The skills and education gradient in the impact of automation projected by (Frey and Osborne, 2013[44]) and also found by (Arntz, Gregory and Zierahn, 2016[45]) suggests that even if the majority of jobs do not disappear, there is the possibility of further labour market polarisation in the future. The response to this challenge is to increase investment in education and training in order to develop the appropriate skills for jobs complementing the new technology (OECD, 2018[48]). A better understanding, valuing and rewarding of skills seen as traditionally female (such as care work) could also lead to reclassifying many jobs into higher skills levels and improve economic well-being.

Digital labour markets

With the growing number of digital platforms, two distinct types of jobs and labour markets can be identified (Pesole et al., 2018[49]). The first type of digital labour market can be categorised as electronically transmittable services, or Online Labour Markets (OLMs). Examples include Amazon Mechanical Turk (Limer, 2014[50]), Upwork and Freelancers. These platforms enable work to be requested and provided anywhere in the world and include, for example, the design of websites, advertising campaigns, proof-reading, editing, writing student essays or even following people on Twitter, completing Facebook surveys or loading videos to YouTube.

Offshore call centres are analogous services, even if not necessarily digital. The fact that these jobs can be performed anywhere in the world and delivered via the Internet is seen as creating a “flat world”, where people in low income countries – with the appropriate skills – can compete with more highly paid individuals in high-income countries. As well as providing cheaper services than may be available from workers in high-income countries – subject to differences in the quality of the service – employers may benefit from time differences (delivery of services overnight, rather than by the end of their own next working day). In all, there are potential gains for emerging economies in Asia and the Pacific both from digital platforms and also from technological change, particularly in terms of promoting access to social services through online tools (Box 2.5).

Box 2.5. Aadhaar: the use of biometric smartcards in social service delivery in India

Further increasing access to social protection is an imperative for achieving more inclusive and cohesive societies in the Asia/Pacific region. The challenge facing many economies with a large rural sector or a large urban informal economy is overcoming administrative bottlenecks limiting coverage extension of social protection, not least because of the very limited capacity to register participants in insurance schemes and/or collect contributions from employers and employees. New technologies can represent a great opportunity for governments in the region to track social protection eligibility, to adapt or simplify registration and benefit-award procedures, improved access to information and generally help extend coverage to all those who need social support.

One approach worth considering is India’s effort of equipping all its citizens with a digital identity. This initiative, known as “Aadhaar”, already covers more than a billion Indians, and those who enrolled in Aadhaar received a unique 12-digit identification number after submitting their fingerprints and retina scans. This large biometric identity database covers welfare and tax payments and access to social services, as for example, making payments to low-income households that are eligible for the “cooking gas subsidy” and “social assistance pensions”. Aadhaar can also be used for financial services, such as daily bank transfers, but in a landmark ruling the Indian Constitutional court limited the scope of the Aadhaar scheme, saying it could not be compulsory for bank accounts, mobile connections or school admissions (BBC, 2018[51]).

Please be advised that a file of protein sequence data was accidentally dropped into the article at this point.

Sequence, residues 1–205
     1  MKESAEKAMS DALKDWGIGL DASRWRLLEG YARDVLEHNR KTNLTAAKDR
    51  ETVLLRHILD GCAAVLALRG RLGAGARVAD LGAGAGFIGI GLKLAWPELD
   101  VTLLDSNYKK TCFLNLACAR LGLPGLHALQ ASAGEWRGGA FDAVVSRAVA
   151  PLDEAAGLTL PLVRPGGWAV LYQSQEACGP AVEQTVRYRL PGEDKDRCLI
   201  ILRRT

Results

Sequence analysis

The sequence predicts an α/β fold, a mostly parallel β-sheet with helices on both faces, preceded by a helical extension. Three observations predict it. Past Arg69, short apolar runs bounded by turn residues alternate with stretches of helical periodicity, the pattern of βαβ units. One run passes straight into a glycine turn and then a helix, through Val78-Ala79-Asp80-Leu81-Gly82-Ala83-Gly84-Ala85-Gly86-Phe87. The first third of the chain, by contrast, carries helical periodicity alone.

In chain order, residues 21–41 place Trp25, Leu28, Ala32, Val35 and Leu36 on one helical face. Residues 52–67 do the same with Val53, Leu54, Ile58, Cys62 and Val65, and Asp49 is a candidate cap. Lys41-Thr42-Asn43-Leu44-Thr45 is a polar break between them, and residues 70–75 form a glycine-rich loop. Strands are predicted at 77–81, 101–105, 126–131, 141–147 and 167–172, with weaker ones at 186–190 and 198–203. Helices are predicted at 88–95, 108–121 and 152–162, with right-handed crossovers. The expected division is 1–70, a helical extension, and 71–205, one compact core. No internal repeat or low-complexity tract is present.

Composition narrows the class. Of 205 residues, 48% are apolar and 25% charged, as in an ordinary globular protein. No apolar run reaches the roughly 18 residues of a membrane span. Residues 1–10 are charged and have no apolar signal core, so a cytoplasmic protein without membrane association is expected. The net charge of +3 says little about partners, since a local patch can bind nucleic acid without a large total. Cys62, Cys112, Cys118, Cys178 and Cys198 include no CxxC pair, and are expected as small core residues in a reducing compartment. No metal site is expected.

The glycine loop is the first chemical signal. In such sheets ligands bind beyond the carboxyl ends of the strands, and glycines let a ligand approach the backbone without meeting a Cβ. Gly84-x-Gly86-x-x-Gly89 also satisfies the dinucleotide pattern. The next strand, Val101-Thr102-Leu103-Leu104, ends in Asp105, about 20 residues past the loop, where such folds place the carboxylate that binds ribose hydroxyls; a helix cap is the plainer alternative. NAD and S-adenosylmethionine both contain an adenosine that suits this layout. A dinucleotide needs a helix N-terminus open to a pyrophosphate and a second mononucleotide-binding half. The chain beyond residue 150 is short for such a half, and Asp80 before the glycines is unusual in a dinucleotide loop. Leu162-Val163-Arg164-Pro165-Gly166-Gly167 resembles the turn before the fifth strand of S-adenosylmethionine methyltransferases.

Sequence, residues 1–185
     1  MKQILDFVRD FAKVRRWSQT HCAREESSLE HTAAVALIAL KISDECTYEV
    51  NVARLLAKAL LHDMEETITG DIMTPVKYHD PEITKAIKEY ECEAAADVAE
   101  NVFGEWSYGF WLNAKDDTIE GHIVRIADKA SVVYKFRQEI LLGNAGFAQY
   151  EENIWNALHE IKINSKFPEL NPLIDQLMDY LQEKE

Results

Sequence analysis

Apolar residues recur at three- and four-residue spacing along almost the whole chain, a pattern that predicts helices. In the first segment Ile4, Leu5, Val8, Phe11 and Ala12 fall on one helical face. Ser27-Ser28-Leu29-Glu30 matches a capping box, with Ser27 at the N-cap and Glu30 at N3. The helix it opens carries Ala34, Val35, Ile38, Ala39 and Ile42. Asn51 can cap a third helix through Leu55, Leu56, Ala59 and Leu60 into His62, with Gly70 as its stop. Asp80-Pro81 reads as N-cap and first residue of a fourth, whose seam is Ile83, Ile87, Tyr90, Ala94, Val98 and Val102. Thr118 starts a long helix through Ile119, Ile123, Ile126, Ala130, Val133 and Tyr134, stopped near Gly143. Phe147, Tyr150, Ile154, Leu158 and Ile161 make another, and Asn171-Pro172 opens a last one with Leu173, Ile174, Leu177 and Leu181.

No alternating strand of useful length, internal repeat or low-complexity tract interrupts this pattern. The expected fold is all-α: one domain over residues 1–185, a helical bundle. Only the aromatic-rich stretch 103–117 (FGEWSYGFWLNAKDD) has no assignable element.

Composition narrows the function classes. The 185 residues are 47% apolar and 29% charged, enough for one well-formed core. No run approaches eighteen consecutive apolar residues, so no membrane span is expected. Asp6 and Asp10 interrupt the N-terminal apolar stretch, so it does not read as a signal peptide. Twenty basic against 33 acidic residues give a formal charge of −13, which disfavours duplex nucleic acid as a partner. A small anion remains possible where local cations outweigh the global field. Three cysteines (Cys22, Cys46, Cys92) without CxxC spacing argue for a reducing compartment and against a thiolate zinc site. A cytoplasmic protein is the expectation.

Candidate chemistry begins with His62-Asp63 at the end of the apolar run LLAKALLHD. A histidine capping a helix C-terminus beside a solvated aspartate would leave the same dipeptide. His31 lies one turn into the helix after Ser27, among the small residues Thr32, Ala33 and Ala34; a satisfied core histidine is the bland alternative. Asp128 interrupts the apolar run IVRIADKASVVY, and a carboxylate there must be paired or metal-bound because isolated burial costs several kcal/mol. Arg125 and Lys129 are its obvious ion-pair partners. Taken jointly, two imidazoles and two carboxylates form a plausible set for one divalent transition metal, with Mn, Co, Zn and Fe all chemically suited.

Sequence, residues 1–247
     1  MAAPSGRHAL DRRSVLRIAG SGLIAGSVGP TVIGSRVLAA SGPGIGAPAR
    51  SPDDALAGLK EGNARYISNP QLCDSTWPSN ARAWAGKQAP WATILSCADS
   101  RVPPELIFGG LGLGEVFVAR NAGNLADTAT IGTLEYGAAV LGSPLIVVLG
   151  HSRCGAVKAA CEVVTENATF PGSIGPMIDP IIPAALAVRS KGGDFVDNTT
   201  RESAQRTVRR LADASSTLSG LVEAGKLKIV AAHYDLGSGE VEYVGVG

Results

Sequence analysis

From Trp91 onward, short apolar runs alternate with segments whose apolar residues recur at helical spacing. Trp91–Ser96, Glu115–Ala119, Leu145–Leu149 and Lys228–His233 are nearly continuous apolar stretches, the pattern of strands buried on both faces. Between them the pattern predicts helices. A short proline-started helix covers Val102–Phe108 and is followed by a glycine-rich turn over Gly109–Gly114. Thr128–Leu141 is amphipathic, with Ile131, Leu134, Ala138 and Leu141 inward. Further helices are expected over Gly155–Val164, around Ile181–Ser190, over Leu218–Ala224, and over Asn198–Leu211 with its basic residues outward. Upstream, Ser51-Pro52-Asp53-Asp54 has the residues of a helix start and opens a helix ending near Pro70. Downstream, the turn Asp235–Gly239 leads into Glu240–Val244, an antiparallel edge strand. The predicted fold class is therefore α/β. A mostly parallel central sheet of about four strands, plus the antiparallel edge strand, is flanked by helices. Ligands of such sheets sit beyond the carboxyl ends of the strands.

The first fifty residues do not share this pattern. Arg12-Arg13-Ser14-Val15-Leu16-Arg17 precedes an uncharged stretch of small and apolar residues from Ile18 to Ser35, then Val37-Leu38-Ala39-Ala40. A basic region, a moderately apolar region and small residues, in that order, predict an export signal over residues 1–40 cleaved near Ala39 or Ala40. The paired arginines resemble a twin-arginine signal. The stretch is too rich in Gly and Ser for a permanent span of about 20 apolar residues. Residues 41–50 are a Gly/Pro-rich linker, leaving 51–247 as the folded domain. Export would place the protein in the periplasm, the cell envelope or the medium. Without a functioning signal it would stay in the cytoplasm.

In a comprehensive RCT-based evaluation of Aadhaar (Muralidharan, Niehaus and Sukhtankar, 2016[52]; 2017[53]) evaluate the impact of the smartcards on beneficiaries of the National Rural Employment Guarantee Scheme (NREGS), the Public Distributions system (the National Food Security Act), and the social assistance pensions (SSP). In the state Andhra Pradesh, Aadhaar made it more difficult for programme staffers to over-report the number of clients and siphon off programme-funds and leakage of this type reduced by 41%, similarly Aadhaar reduced leakage of this type with respect to the SSP pensions programme. However, while Aadhaar may help address identity fraud, by its nature it is more difficult for Aadhaar to address “quantity fraud” when beneficiaries receive only a fraction of their entitlement as with the PDS programme (Banerjee, 2016) The Aadhaar experience can be further improved. For example, the regular and independent collection of representative data on programme access and exclusion error could help identify the share of legally entitled benefits that eligible beneficiaries are receiving. Aadhaar could also enhance customer choice in terms of the form of support (cash or in-kind) and portability across ration shops of PDS distributors.

The second type of digital labour market also involves digital matching of clients and providers of services, but service-delivery is physical. Pesole et al. (2018[49]) describes these as mobile labour markets (MLMs), and examples of these include Deliveroo, Uber, and Lyft. Delivery of food or taxi services, for example, by definition means that the service provider has to be in the same city or town as the purchaser (Box 2.6). While digital platforms sometimes claim that there are very significant number of people employed in providing these services, Pesole et al (2018[49]), suggest that they involve no more than 1 or 2% of the labour force in the United Kingdom and the United States.